To date, there have been a limited number of studies on the impact of government-incentivised farm animal welfare programmes or 'schemes', and on farmers' attitudes regarding such schemes. In this study, focus groups were used to gain insight into Irish farmers' perceptions of such a scheme for suckler cattle and its behavioural impacts on farmers. The findings were categorised into 46 codes and ultimately yielded two Global themes: 1) Beliefs and Evidence and 2) Logic and Logistics. The former theme covered farmers' attitudes and observations regarding the Scheme. The latter dealt with factors such as workload and costs. The Global themes allowed for comprehensive reporting of the strongest messages from focus groups. There was consensus that Scheme measures for the minimum calving age and for weaning had a positive impact on welfare. Two aspects criticized by participants were firstly disbudding, due to the logistics for anaesthetic application, and secondly the administrative workload associated with data capture and utilisation. The majority anticipated that data being collected via the Scheme would help to inform farm management decisions in future. Farm animal welfare schemes, which incentivise participants to implement certain practices, aspire to long-term behavioural change after scheme conclusion. Our research showed that this Scheme increased farmer awareness of the benefits of certain practices. It also demonstrated the importance of stakeholder participation in the design stages of welfare initiatives to ensure scheme measures are practical and relevant, to address any perceived controversial measures, and to plan for training and adding value to schemes.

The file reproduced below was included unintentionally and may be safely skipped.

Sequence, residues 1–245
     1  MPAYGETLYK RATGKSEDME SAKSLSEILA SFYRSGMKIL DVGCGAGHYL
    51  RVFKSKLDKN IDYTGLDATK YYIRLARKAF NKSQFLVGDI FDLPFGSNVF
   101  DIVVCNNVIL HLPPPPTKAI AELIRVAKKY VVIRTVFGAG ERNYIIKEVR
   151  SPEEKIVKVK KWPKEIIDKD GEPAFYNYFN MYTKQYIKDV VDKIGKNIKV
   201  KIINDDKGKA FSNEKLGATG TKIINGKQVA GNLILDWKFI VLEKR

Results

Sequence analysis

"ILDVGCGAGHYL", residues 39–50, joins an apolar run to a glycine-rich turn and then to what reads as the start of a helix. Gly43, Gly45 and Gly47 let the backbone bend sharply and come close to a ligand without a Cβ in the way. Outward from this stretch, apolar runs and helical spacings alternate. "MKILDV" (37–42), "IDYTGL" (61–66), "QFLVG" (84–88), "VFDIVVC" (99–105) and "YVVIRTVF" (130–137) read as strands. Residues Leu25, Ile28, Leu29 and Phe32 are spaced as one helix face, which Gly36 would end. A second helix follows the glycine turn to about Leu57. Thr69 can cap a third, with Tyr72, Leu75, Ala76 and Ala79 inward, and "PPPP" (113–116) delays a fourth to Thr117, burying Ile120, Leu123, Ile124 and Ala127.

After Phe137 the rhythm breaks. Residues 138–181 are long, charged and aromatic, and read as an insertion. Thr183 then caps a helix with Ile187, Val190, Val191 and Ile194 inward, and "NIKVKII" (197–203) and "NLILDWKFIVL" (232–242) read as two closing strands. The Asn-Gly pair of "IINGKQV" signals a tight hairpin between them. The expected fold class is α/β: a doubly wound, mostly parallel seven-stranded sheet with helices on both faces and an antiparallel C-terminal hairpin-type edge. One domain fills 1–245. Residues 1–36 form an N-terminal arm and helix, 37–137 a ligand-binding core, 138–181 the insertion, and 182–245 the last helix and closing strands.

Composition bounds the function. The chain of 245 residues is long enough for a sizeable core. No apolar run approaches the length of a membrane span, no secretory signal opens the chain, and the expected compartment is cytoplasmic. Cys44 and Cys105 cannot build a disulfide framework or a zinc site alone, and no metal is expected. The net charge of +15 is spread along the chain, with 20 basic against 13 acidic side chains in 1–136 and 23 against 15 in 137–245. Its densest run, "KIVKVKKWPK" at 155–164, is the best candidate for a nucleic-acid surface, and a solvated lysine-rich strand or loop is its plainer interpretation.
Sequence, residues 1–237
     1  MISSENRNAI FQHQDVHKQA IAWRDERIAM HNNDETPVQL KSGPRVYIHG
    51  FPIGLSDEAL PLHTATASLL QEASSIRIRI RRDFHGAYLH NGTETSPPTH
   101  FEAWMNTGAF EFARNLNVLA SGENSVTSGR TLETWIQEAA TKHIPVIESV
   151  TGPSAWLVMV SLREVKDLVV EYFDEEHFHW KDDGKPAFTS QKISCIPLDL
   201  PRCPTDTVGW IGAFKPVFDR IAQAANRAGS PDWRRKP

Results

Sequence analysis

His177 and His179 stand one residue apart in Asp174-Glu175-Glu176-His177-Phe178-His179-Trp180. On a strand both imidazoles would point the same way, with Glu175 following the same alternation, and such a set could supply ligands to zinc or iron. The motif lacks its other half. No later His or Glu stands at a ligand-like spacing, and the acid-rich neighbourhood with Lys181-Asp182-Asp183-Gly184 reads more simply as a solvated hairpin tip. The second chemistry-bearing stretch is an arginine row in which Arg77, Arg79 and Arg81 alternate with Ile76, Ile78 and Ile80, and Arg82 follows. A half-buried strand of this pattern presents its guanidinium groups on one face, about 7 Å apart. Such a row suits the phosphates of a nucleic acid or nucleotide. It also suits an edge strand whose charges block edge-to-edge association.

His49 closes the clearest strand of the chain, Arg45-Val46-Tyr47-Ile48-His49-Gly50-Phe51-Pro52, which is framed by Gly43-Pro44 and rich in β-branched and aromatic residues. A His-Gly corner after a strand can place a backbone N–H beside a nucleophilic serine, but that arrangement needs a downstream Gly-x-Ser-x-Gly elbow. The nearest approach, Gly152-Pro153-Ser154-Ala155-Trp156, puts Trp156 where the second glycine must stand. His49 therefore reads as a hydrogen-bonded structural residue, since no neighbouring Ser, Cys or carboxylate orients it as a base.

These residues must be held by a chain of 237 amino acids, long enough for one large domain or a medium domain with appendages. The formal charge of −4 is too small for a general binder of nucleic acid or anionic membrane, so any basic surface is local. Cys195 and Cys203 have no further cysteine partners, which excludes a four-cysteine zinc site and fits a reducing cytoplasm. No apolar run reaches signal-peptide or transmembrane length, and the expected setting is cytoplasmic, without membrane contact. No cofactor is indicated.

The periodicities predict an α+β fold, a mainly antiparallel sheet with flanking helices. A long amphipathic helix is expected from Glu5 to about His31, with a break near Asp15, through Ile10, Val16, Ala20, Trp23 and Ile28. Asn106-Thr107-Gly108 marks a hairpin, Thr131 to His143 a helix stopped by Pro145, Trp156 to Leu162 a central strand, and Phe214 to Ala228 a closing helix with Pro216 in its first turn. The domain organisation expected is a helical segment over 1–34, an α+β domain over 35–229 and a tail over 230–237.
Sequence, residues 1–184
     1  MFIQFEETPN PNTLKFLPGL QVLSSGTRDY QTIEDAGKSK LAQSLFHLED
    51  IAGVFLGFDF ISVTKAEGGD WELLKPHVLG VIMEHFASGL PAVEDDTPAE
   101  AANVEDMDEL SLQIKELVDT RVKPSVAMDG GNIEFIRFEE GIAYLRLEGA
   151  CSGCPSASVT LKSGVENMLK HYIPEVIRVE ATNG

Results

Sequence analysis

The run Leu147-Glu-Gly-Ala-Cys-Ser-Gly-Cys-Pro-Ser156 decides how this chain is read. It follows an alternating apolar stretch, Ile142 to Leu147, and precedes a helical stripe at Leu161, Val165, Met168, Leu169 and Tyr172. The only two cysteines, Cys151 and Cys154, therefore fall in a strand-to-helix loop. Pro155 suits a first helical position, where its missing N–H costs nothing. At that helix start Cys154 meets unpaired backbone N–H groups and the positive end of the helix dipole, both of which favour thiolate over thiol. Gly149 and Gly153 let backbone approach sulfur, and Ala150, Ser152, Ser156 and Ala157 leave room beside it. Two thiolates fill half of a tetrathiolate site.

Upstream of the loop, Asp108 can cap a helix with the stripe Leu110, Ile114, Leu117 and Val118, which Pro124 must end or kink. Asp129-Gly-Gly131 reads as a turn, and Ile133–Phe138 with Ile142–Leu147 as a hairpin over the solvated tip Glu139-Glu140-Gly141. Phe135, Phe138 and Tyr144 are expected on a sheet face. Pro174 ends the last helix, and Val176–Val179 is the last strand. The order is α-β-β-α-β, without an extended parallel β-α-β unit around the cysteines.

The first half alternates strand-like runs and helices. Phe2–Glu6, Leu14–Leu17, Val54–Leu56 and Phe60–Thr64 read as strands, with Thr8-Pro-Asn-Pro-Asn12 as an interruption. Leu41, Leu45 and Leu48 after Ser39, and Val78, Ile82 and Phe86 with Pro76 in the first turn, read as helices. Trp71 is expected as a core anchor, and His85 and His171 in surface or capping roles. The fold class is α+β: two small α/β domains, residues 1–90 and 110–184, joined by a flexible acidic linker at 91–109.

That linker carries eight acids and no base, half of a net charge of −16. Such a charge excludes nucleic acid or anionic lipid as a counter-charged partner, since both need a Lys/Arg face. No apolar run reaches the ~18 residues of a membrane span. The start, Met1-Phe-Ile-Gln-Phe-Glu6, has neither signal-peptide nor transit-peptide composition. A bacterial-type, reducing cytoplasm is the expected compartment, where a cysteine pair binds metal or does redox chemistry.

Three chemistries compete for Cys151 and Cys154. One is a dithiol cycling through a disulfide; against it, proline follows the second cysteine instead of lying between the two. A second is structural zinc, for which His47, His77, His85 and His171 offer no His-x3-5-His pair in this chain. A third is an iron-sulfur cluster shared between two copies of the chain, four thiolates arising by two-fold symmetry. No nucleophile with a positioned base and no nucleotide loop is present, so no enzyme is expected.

University College Dublin ->